Photos by Conal Thomas

If you’re infusing alcohol with chilli, go easy on the chilli. In cramped brewing quarters, don’t crack your skull on metal containers. Be patient.

Jarrod Cuffe and Baz Gargan have learnt a few important lessons in the past six months.

In their tiny laboratory in the Chocolate Factory on King’s Inns Street, the start-up bitters makers have been tinkering with recipes that they hope will compete with the might of Angostura.

“It’s a passion project of ours,” said Cuffe on a recent Thursday. With batches brewed, some of which have been banished and others bottled, they’re now close to launch.

From Snake Oil to Sazeracs 

The whole gig kicked off when Cuffe and Gargan met at the Irish Craft Cocktail Awards last year.

By day, Cuffe works as a drinks supplier around Dublin. Gargan mixes cocktails at Delahunt restaurant on Camden Street.

Why not brew some Irish bitters? they asked each other. Cocktails have made a comeback, and one of the key ingredients in many of them is manufactured by few.

In their laboratory, there are tupperware pots and mason jars filled with dried fruits. Sieves, knives sponges, and detergents clutter metal shelves. Spices sit next to speakers, bags of sugar next to glassware.

At the centre, Cuffe and Gargan point out their bottled concoctions lining one of three shelves on the wall.

“We basically started by walking into the health-food shop and bought everything we didn’t recognise,” says Cuffe. “Then it was just trying all these different flavours.”

Cuffe and Gargan’s Off the Cuff Bitters are made by infusing clear alcohol (50 percent ABV) with, well, whatever takes their fancy.

But bitters, in their earliest forms, and for centuries, were often used medicinally.

Their origins are not known for sure, but by the time the 19th century closed, they were a widespread product often sold as a tonic to aid digestion. They became the brief of the snake-oil salesman across the United States, while south of Mexico their modern progenitor was invented.

In the 1820s, German doctor Johann Siegert was based in the town of Angostura in Venezuela. A surgeon in the army of Simón Bolivar, who was in the midst of liberating much of Spanish South America from colonial rule, he began to concoct his aromatic bitters, which were said to aid the digestion of the troops.

Since then, Angostura bitters have become a mainstay of the cocktail market, known for the 200ml bottle with the oversized label. “There’s a reason Angostura has been around so long,” says Cuffe. “It was a brand that wasn’t killed off by prohibition [in the US].”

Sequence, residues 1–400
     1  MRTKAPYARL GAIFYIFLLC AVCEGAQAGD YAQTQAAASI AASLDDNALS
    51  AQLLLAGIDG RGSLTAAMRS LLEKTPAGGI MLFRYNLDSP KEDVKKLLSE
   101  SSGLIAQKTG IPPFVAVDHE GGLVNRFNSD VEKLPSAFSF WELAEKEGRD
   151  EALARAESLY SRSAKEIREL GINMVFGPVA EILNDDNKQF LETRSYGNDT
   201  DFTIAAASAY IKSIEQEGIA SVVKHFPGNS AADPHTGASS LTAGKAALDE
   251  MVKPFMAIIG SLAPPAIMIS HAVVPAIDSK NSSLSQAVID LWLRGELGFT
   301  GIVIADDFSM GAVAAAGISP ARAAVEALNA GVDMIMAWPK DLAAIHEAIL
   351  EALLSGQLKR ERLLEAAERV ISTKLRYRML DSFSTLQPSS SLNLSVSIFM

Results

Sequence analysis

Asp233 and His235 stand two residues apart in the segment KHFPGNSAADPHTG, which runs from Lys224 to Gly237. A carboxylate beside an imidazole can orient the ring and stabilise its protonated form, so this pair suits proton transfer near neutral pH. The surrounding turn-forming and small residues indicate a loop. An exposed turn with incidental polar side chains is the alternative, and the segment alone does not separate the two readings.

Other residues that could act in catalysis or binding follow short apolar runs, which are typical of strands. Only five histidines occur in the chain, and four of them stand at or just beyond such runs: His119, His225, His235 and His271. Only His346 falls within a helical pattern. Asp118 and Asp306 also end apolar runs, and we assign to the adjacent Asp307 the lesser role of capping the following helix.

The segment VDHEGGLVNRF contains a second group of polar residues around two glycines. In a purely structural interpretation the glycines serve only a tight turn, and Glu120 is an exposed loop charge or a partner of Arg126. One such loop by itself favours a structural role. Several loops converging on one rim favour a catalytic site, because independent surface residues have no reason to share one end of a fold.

There are nearly endless possible ways of making bitters, so there’s plenty of room for experimentation. It’s mostly herbs and spices, but there’s one other key ingredient, says Cuffe.

“The process of making bitters, the only prerequisite is patience,” he says with an Australian twang. “We didn’t know what we were doing when we started. We almost know what we’re doing now.”

A Little Less, a Little More

Bitters, as opposed to bitter spirits, aren’t unlike cordials. They’re sticky in texture and pack a punch if consumed straight. Unlike cordials, though, there’s little sugar in them.

The bitter, aromatic punch comes from the way they’re made. “You don’t lose too much of the flavour,” says Gargan. “You’re not cooking it, you’re not watering it down. You’re just basically whacking that flavour into the spirit.”

First, Cuffe and Gargan chop up the raw ingredients: orange peel, liquorice root, dandelion seeds, cardamom, allspice.

They mix these with their chosen spirit and leave the mixture to sit for one month. When the time is right, the mixture is strained, and sits again, to remove the fine particles.

So far, they’ve experimented with 65 different flavours, from limes to hawthorn berry to peppercorns, with barks and roots integral to the mixture’s sour-sweet flavour.

Cuffe takes three small glass dropper bottles down from one of the shelves. “Just stick out the back of your hand,” he says, unscrewing the first bottle. “Right, give that a lick. This first one is mark one.”

One small drop singes the taste buds.

Next up, “mark two” is more palatable, yet still a bitter bang. “As it evolves we tried to refine what we do,” he says. “It’s a little less of this, little more of that, little extra this, little extra that.”

The third and final droplet of the brown liquid goes down smoothly. Sweeter, it contains 23 ingredients, says Cuffe. (The earlier two version had 18 and 19 ingredients, respectively.)

Cuffe and Gargan plan to produce four flavours for the public, in 50ml bottles for sale at €10 each.

From Angostura to Peychaud’s, bitters are so closely associated with cocktails; Manhattans, Singapore Slings and Old Fashioneds all contain them. But they can also be used to enhance cooking recipes in the kitchen at home, say Gargan and Cuffe.

The pair started with an herbal mixture and an aromatic one. For the next two, it could be just peppermint, it could be chilli.

They’ve just ordered bottles and labels. With a bit of luck, their bitters will be behind bars and in stores by late October, they say.

Cónal Thomas is a city reporter for Dublin Inquirer.

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